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Written By: Peter Ayers Wimbrow III
*Click images below to view larger versions.
Field Marshals Erwin Rommel (r) and Gerd von Rundstedt in discussion at the Hotel George V, Paris, France, 19 Dec. 1943.

Field Marshal Gunther von Kluge

Field Marshal Walter Model wearing Knights’s Cross with Oak Leaves.
LTG Edwawrd H. Brooks, commander U.S. 2nd Armored Division.
Henry D.G. Crerar, commander First Canadian Army.
Heinrich Eberbach wearing Knight’s Cross with Oak Leaves, commander German 7th Army.
Theodore Wisch wearing Knight’s Cross, commander SS Liebstandarte Adolf Hitler Panzer Division.
German prisoners at Falaise Gap.

    THIS WEEK, 70 years ago, although achieving a great victory, the Allies were losing an opportunity to end the war in Europe by Christmas.
    In mid-June, Field Marshals Gerd von Rundstedt and Erwin Rommel met with the German Warlord. Field Marshal von Rundstedt was the senior field commander in the German Army, commander Wehrmacht forces in the West and one of its most respected officers. He was, reportedly, considered the most dangerous and capable of the German field marshals, by Generals Eisenhower and Montgomery. From his accomplishments in North Africa, Field Marshal Rommel, commander of Armeegruppe B, enjoyed an excellent reputation. Both, vainly, urged Hitler to allow the German forces to withdraw behind the Seine River. At the end of the month, they again, vainly, beseeched him to allow them to withdraw behind the Seine.
    On July 1, 1944, having learned that his order to withdraw German armor out of the range of Allied naval guns, had been overruled, Field Marshal von Rundstedt called German High Command and told its chief, Field Marshal Wilhelm Keitel to get the decision reversed. Field Marshal Keitel then began whining about the, deteriorating,  situation on the Eastern Front and wailed, “What shall we do?” Field Marshal von Rundstedt growled into the phone, “Make peace you fools!,” and slammed the phone down. He was replaced by Field Marshal Günther von Kluge the next day.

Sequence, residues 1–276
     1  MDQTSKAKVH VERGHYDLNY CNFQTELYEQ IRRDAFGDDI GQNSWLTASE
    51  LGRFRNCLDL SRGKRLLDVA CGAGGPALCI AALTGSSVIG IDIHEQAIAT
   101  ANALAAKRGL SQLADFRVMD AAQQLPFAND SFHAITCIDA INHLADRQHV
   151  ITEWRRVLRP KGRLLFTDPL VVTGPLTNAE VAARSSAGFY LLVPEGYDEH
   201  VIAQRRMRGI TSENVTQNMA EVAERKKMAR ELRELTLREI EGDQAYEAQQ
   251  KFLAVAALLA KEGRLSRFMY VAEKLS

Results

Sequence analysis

When Field Marshal Erwin Rommel was injured in a car accident attempting to avoid Allied fighter planes, Field Marshal von Kluge was given command of Field Marshal Rommel’s Armeegruppe B as well. Like his predecessor field marshals, Field Marshal von Kluge advocated a withdrawal of German forces behind the Seine River. The German Führer refused to countenance such a move, instead ordering foolish attacks - Operation Lüttich.
    On August 2, 1944, der Führer ordered Field Marshal von Kluge to mount, “ immediate counter attack between Mortain and Avranches,” in Normandy. Avranches is a town of 8,000 situated on the southern end of the Cotentin Peninsula, at its intersection with the Brittany Peninsula, while Mortain is a much smaller village about 30 miles to the north. To make sure that his orders were obeyed, the German Warlord sent General Walter Warlimont, Deputy Chief of Staff of the High Command, to Field Marshal von Kluge’s headquarters. Field Marshal von Kluge told General Warlimont there was no chance of success and that the German armed forces should be retired behind the Seine River.
    Hitler ordered that the attack be led by eight of the nine Panzer Divisions then in Normandy. However, that proved to be impossible. The XLVII Panzerkorps, commanded by General Baron Hans von Funck, was assigned the task. Its Panzer Divisions included the 2nd, 116th, SS Leibstandarte Adolf Hitler and SS Das Reich Divisions, commanded by respectively, Baron Heinrich von Lüttwitz, Count Gerhardt von Schwerin, Theodore Wisch and Otto Baum. So, on the evening of August 6th, Field Marshal von Kluge reluctantly ordered those forces to attack the U.S. VII Corps, under the command of Major-General J. Lawton Collins.